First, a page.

Occlusal radiographs were imported into ViewBox 4 and calibrated using a 20-mm ruler ( Fig 3 , A ). The perpendicular distances from the amalgam markers on the canine, second premolar, and fourth premolar were measured to a sagittal reference line drawn passing midway through the 2 palatal miniscrews. Repeated measurements, performed on separate days, produced ICCs of 0.97, 0.99, and 0.99 for the canines, second premolars, and fourth premolar measures, respectively. The initial and final maxillary models were laser scanned using Ortho Insight 3D to quantify tipping. Three standardized landmarks were digitized ( Fig 3 , B ) and the angle connecting them was measured (ICC = 0.982).
With the overlying soft tissues intact, the maxilla was sectioned to produce blocks (26 mm wide × 19 mm high) containing the first, second, and most of the third premolars. The blocks, which included 3-4 mm of bone apical to the root tips, were placed into microscopic computed tomographic (microCT) tubes with an internal diameter of 27 mm and kept immersed in 0.5% paraformaldehyde. The tubes were loaded into the microCT 35 desktop scanner and scanned at 30 μm resolution, using 55 kVp, 145 μA, and 600 ms integration time. Three-dimensional reconstructions, as well as 2-dimensional slices (30 μm thick), were generated using the Scanco microCT v6.0 software. For three-dimensional reconstruction, the grayscale images were smoothed by a Gaussian filter with a sigma value of 0.9 and a support value of 1. The threshold boundaries for the scans were set between 260 and 1,000 Hounsfield units.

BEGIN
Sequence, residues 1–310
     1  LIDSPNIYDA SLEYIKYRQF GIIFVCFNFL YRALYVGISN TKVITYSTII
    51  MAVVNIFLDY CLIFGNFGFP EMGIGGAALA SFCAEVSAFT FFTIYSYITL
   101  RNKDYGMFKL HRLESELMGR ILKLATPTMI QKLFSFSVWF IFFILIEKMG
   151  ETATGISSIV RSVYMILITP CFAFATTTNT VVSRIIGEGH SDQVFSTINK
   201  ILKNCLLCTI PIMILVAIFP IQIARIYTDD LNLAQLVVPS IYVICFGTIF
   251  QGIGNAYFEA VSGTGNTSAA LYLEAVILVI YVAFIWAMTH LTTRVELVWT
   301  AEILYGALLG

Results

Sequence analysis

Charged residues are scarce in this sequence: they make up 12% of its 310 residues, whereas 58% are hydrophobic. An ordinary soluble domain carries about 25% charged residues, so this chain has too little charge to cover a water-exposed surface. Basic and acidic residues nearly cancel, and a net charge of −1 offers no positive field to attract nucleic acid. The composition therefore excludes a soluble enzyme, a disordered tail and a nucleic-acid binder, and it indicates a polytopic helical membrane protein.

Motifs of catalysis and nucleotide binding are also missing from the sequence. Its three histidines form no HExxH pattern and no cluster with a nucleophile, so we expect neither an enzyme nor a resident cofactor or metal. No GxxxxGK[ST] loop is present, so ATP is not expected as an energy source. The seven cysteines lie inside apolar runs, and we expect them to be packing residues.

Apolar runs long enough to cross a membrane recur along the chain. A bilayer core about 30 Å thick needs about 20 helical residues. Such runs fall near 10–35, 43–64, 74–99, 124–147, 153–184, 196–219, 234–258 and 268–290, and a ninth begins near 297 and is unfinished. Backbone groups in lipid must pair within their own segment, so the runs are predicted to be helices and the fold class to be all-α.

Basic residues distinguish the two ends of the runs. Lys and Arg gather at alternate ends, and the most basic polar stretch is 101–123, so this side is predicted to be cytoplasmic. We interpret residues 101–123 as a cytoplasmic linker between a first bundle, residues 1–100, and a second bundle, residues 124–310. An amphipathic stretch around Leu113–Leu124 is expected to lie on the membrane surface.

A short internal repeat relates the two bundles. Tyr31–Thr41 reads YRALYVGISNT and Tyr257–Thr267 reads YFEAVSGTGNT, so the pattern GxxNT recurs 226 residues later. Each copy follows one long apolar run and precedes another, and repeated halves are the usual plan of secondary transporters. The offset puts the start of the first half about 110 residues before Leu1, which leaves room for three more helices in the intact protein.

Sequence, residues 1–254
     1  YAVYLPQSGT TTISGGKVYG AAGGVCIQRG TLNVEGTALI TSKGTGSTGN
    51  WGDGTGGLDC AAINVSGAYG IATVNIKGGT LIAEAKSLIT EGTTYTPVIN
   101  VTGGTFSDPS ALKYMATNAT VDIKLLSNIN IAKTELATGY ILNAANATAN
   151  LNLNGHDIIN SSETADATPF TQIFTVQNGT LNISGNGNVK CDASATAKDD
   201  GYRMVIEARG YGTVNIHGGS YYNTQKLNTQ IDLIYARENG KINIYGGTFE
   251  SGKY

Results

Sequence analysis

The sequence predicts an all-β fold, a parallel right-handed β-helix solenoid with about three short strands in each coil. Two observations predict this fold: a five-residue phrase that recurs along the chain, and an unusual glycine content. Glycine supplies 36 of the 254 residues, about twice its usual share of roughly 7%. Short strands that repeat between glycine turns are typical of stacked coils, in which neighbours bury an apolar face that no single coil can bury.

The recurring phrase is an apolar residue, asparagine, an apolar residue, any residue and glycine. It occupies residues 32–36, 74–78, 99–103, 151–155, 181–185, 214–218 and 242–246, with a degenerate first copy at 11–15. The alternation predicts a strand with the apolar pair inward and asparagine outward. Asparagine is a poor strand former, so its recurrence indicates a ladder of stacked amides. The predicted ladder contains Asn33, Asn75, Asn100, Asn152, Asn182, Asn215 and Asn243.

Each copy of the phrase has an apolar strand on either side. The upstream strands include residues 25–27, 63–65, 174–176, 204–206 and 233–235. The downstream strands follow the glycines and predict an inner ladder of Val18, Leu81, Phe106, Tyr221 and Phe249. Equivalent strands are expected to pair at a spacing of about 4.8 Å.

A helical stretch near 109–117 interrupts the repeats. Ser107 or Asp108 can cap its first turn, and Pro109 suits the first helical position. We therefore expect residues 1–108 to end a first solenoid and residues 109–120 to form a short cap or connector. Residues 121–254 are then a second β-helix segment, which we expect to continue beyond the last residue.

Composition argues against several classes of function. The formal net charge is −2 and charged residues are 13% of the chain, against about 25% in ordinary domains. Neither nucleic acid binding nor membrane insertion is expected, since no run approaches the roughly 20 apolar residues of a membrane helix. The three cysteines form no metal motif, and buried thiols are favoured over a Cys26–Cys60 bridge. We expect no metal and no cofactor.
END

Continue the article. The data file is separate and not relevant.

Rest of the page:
The following linear measurements were taken from 2-dimensional axial slices of both the experimental and control premolars: (1) buccal bone height measured from the most lingual aspect of buccal bone at the level of the apex to the mesiodistal center of the buccal bone crest on both mesial and distal roots; (2) total tooth height measured from the cusp tip to the root apex; (3) total root height measured from the center of the pulpal canal at the furcation to the root apex; and (4) buccal bone thickness measured from the most lingual to the most buccal aspect of buccal bone at the cervical (3 mm apical to the level of the furcation), mid (exactly halfway between the cervical and apical measurements), and apical (measured at the tip of the apex) levels. Duplicate measurements taken on different days were averaged (ICCs of the duplicate measures ranged from 0.97-0.99).
The experimental roots were randomly assigned for fluorescence microscopy or decalcified staining. Two control specimens were randomly allocated for staining, and 5 were allocated for fluorescence microscopy. The specimens analyzed with fluorescence microscopy were fixed in 4% paraformaldehyde, dehydrated in graded alcohol, embedded in methyl methacrylate, and allowed to polymerize. Blocks were sectioned with an IsoMet diamond saw to a thickness of approximately 150-200 μm. Sections were made in a coronal plane, parallel to the long axis of the root, polished to a thickness of about 75-100 μm, and examined using the Leica TCS SP5 confocal microscope.
Specimens prepared for staining were decalcified in 0.5 M calcium disodium ethylenediaminetetraacetate dehydrated in graded alcohol and lastly butyl-alcohol, and infiltrated and embedded in paraffin blocks. The blocks were sectioned with a microtome parallel to the long axis of the root at a thickness of 5-10 μm and mounted on glass slides. Hematoxylin and eosin(H&E) and tartrate-resistant acid phosphatase (TRAP) staining was performed, as well as bone sialoprotein (BSP) immunostaining.
Statistical analyses were performed with SPSS 22 software (SPSS Inc, Chicago, Ill). Because the data were normally distributed, central tendencies and dispersions were described using means and standard errors. Paired t tests were used for group comparisons. Statistical significance was set at P < 0.05.